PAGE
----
Tom Brady jokes with Biden: 40% of Americans still don't think we won the Super Bowl

“Really no deeper cut for Trump than Brady saying it,” tweeted Maggie Haberman in response to this jab, aptly. Not only is Brady a Trump buddy and the consummate winner, whom Trump naturally enjoys affiliating himself with, but rumor has it that he was once lined up to be the first son-in-law.

Although a bit of distance seems to have grown between the two in recent years.

Maybe Trump’s aides can convince him that this was more a joke at Biden’s expense than at Trump’s. If not, we’re going to get the mother of all press releases about “disloyalty” sometime later today.

It was “disloyal” of him in the first instance to visit the White House and address Biden as “Mr. President,” right? “Biden and Brady, together at the house Trump used to live in and hoped to never leave, basking in their winner-ness and laughing at Trump. Donald Trump would rather relive Election Night a thousand times than see this day,” wrote lefty Jonathan Chait.

It’s okay, though. Trump will be back in 2025.

Or will he?

In a new poll of Republican primary voters by former Amb. John Bolton’s Super PAC, respondents were asked “Since former President Trump’s popularity has dropped with voters since the 2020 election, would you agree or disagree that a new republican candidate – a fresh face – would be a stronger candidate to defeat Joe Biden in 2024?”

Just over a third (36 percent) of GOP primary voters say Trump would be the stronger candidate, while 52 percent say a “fresh face” would be stronger.

Meh, I don’t trust a poll from Bolton’s group, especially one that primed respondents by noting how Trump’s popularity has dropped. Although, for what it’s worth, they’ve seen a sharp swing towards “fresh face” in the answers to that question since they first asked it several months ago.

Philip Klein contemplates the difficulty looming for 2024 GOP hopefuls. It’s assumed, including by me, that they’ll need to sit on the sidelines and not declare their candidacies until they know Trump isn’t running. To jump in before he does would affront the king and MAGA with its presumptuousness. But is it realistic to expect them to stand aside, says Klein?

Anybody who wants a future within the Republican Party would likely want to avoid having to be in a primary with Trump given that Trump will turn his base against any opponent by mercilessly attacking that person. It’s why Nikki Haley, for instance, has said she would not run were Trump to do so.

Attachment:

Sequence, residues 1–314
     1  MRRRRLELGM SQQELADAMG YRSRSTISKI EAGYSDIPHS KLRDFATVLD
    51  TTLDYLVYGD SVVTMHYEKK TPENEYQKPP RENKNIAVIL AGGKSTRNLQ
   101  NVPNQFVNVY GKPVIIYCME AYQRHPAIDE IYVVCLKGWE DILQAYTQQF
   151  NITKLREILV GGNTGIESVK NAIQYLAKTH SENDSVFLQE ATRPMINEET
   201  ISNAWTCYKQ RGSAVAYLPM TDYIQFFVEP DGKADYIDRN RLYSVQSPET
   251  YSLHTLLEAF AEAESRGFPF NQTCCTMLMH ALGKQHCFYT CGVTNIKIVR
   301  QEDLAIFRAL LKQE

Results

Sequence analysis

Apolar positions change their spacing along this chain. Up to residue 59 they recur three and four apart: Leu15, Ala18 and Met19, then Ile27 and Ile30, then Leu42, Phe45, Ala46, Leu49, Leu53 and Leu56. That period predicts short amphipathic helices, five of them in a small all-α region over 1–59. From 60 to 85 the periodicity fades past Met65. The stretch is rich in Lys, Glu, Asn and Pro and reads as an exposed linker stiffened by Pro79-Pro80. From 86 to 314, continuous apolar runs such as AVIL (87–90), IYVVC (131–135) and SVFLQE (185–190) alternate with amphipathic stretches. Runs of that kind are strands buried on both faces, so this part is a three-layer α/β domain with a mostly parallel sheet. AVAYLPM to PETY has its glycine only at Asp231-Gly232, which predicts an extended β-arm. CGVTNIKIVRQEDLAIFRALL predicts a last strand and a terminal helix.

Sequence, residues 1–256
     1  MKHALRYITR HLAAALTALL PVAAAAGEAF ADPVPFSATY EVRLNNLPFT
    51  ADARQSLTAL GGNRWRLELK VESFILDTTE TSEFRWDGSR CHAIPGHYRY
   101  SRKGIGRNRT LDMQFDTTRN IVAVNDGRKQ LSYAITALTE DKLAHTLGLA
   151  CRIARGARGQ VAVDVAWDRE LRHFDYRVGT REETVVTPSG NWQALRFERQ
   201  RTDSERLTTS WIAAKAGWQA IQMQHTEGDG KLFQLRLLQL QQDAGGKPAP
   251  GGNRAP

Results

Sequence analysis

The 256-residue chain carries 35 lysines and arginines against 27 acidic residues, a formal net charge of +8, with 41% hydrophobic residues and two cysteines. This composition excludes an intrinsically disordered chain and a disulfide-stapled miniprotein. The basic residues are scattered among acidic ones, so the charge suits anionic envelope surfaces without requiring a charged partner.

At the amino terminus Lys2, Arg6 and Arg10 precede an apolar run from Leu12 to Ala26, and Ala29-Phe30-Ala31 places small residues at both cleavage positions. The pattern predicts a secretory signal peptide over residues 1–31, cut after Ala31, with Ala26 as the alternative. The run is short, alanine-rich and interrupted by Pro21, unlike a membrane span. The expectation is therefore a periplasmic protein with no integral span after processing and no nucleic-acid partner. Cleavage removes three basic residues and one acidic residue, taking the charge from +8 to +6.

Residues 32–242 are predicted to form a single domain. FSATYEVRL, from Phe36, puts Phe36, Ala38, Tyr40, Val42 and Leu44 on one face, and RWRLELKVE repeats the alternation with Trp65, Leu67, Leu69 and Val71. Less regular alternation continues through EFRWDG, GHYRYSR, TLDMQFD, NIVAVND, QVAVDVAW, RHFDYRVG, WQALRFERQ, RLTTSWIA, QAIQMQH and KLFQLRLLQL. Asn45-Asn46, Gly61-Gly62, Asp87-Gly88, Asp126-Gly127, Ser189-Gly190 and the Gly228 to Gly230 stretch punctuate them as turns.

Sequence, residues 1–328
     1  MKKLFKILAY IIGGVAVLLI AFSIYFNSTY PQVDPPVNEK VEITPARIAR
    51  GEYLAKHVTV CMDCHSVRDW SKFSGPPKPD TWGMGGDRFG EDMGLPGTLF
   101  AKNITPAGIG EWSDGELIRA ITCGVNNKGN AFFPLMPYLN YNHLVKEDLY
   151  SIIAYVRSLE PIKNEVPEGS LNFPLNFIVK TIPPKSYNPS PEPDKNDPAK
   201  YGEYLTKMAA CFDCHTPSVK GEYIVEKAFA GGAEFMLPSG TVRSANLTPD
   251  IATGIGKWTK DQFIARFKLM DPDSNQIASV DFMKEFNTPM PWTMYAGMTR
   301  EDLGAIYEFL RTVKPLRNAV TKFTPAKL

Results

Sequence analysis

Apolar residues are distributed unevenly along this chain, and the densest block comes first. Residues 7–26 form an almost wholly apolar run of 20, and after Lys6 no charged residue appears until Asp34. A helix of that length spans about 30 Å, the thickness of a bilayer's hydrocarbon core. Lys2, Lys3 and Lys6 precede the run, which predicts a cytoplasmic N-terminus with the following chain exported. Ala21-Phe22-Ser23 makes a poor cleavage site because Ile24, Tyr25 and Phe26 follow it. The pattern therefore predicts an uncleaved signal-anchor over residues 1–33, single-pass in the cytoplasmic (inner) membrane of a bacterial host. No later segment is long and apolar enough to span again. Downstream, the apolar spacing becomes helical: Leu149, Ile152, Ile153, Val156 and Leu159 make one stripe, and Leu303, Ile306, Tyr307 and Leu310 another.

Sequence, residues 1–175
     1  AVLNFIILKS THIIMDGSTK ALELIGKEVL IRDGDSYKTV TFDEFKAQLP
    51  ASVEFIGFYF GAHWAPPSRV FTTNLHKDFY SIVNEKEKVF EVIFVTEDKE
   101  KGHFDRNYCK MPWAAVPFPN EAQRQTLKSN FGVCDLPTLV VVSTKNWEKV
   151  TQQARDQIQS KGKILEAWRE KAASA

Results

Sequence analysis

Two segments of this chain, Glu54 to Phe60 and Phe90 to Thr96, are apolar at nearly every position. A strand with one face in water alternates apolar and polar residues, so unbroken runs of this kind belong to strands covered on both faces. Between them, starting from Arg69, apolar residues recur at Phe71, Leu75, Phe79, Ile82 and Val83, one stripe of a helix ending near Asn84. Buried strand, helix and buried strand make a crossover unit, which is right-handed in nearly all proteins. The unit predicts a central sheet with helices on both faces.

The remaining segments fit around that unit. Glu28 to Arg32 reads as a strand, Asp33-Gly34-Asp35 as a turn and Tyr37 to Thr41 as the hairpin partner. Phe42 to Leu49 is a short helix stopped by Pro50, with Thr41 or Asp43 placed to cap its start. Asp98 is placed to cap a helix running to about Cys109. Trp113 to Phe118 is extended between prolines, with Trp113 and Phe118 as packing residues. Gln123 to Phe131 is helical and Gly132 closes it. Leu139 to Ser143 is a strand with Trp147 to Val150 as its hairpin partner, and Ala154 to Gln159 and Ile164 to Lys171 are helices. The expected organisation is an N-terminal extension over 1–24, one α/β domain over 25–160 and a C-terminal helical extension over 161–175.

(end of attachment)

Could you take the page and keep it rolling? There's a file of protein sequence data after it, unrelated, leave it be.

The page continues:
At the same time, any non-Trump candidate looking to launch a serious campaign will need many months to fundraise, hire staff, build an organization, and start to introduce themselves to voters in the early states. Nobody else has the luxury of waiting as long as Trump. That means that most likely, all other GOP hopefuls will have to dive into the race without knowing for sure whether Trump will decide to run.

Could Haley or Ron DeSantis or whoever maybe announce their candidacy *conditionally*? I.e., if Trump still hasn’t announced his intentions by early 2023, they could form exploratory committees and say that they’ll compete for the nomination *if* Trump doesn’t run. And if he does, they’ll bow out. That wouldn’t offend MAGA.

…but it would offend some of their own supporters. How do you get excited about a candidate who might drop out at a moment’s notice depending upon whether someone else runs? People run for president because they believe they can do the best job for the country. How could Haley or DeSantis credibly compete while insisting that someone else could do a better job than they could?

They might opt for strategic ambiguity instead, announcing their candidacies and saying they’ll make a decision on whether to stay in if and when Trump announces. But that would risk offending MAGA since it would mean they hadn’t ruled out running against him and trying to defeat him in a primary.

Dilemmas, dilemmas.

Here’s another gag from the GOAT today at the White House. Disloyal.